# Algorithms for Lighthouse Positioning

A project log for Precision Indoor Positioning

Performing high precision indoor positioning using Vive Lighthouses, Arduino Due, and TS3633-CM1

Mike Turvey 10/18/2016 at 04:380 Comments

I've learned a lot in the last week about Kalman Filters, Discrete Linear Transformations, the Perspective-n-Point problem, and more. The big breakthrough was realizing that you can treat the lighthouse and its sensors as just a really high resolution camera that only sees a few points. And as a bonus, you don't have to deal with the usual computer vision problem of identifying "important" features of an image.

Perspective-n-Point is the problem of solving for the camera position and orientation given n points that the camera is able to see. This is effectively the problem we need to solve. (Technically, we want to know the position of the object relative to the camera, but that's a trivial difference.) There's been lots of research into the problem and a number of algorithms exist. The algorithms seem to fall in two categories: Iterative approaches that improve on an initial approximation, and algorithms that solve for the pose all at once. One of the most efficient strategies is an algorithm called EPnP, or Efficient PnP, which solves the problem in O(n) time. Once you have a good pose, if you can assume that the tracked object only moved a little between observations, it can be appropriate to use the previously calculated pose as the input to an iterative algorithm to get the new pose.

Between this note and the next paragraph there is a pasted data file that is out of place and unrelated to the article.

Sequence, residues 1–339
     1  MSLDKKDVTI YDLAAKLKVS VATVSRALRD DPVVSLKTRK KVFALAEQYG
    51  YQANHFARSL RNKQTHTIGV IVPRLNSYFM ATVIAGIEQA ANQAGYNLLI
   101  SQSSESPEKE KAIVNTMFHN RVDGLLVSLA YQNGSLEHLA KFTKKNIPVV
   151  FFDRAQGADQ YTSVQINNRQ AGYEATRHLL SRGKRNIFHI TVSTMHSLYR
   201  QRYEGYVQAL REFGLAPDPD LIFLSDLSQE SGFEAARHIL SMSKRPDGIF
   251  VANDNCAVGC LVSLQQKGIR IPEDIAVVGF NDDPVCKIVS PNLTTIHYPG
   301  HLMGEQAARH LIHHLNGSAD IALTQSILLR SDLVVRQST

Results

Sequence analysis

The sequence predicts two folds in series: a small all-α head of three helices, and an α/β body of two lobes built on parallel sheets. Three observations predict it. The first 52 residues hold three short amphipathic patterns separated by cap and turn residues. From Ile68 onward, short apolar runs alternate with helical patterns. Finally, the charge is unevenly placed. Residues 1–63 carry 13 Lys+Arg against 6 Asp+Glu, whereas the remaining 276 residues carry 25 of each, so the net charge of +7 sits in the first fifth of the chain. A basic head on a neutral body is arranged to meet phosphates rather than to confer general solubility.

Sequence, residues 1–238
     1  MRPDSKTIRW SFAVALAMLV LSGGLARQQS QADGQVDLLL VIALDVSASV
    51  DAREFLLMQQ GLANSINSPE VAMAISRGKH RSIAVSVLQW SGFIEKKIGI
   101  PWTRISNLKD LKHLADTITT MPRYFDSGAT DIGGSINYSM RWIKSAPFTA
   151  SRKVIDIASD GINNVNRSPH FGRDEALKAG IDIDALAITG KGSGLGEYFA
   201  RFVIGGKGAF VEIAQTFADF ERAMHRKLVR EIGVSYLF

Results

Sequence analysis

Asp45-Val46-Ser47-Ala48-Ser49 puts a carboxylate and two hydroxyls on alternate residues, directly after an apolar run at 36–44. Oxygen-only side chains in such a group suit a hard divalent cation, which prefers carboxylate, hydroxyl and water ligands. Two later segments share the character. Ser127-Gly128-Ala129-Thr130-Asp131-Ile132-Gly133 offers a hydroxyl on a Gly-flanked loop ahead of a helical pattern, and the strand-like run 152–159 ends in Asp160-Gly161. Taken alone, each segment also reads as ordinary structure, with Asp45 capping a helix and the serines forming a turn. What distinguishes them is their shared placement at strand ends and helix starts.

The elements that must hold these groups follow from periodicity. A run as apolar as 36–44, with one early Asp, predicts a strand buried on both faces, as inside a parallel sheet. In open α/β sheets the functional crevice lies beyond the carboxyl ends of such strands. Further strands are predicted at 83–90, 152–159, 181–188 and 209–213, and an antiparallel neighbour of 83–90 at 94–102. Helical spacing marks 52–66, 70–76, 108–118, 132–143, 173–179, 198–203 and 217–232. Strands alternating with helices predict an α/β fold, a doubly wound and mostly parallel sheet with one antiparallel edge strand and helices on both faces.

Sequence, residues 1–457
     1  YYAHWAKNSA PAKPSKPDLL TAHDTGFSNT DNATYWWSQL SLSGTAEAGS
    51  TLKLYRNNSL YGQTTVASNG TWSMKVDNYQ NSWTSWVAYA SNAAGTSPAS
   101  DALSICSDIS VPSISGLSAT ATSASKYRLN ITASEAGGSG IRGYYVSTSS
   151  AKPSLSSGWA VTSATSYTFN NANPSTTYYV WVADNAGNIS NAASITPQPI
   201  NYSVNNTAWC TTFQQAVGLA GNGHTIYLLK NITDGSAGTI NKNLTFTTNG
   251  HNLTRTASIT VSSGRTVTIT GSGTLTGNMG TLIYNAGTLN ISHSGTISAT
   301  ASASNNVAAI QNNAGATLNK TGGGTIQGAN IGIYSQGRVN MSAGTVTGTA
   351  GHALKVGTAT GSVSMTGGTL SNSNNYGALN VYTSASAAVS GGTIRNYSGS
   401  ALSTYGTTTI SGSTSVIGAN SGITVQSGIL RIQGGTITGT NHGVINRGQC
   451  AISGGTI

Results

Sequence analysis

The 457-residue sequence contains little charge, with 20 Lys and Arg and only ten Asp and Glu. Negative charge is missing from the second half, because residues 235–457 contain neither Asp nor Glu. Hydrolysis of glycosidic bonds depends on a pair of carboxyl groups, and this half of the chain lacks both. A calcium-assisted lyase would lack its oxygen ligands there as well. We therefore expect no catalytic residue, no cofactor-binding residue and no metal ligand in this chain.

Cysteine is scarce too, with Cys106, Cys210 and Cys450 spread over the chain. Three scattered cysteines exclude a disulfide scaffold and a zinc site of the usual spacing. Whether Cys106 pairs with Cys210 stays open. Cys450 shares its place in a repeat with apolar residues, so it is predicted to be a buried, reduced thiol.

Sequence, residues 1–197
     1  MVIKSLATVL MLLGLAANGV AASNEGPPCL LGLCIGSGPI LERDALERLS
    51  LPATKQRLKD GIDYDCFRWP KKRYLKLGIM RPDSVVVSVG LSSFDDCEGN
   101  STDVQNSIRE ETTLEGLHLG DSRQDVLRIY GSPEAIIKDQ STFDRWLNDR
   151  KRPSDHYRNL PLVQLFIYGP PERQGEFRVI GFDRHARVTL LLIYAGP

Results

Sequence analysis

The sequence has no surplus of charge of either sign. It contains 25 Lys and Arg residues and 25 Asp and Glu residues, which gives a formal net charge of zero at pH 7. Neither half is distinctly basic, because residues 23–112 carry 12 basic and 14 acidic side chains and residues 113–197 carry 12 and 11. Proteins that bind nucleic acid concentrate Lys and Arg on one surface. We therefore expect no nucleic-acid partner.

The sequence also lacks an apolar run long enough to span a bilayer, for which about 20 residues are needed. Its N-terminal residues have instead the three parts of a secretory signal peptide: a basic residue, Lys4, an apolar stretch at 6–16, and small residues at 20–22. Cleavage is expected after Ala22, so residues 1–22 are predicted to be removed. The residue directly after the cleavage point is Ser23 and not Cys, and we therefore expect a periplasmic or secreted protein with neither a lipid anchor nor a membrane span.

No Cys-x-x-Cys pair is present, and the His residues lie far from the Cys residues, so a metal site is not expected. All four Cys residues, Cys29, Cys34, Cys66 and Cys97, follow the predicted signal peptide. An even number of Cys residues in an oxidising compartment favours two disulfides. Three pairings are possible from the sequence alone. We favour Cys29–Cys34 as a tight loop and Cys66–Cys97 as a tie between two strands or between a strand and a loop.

One concern is that the implementations of EPnP (and I suspect the other algorithms as well) work on floating point values, not integers. The Cortex M3 in the arduino Due does not have a floating point unit, and by at least one crude measure, floating point operations take ~40 times longer than integer operations. I'm doubtful that these algorithms would lend themselves to an integer variant of the solution.

And, just to throw a wrench into all of the above goodness, it's worth noting that the Lighthouse technology isn't quite the same as a camera. That's because the two sweeps of the lasers (to detect the horizontal and vertical angles) do not occur at exactly the same time. In fact, they're ~8ms apart. While a simple algorithm may ignore this, an algorithm targeting maximum precision would need to take it into account. For high precision, integrating the values from an inertial measurement unit (IMU) would also be a good idea (just like the Vive controllers and headset). To integrate all of these different measurement updates into a single pose, Kalman filtering appears to be the way to go.